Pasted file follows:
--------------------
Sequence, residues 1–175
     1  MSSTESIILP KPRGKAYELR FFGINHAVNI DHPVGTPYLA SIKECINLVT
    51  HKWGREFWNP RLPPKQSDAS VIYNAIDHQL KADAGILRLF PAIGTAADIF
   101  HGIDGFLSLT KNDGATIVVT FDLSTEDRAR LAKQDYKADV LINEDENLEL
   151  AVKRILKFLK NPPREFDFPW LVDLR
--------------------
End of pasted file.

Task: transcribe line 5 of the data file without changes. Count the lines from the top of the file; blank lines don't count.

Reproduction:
   151  AVKRILKFLK NPPREFDFPW LVDLR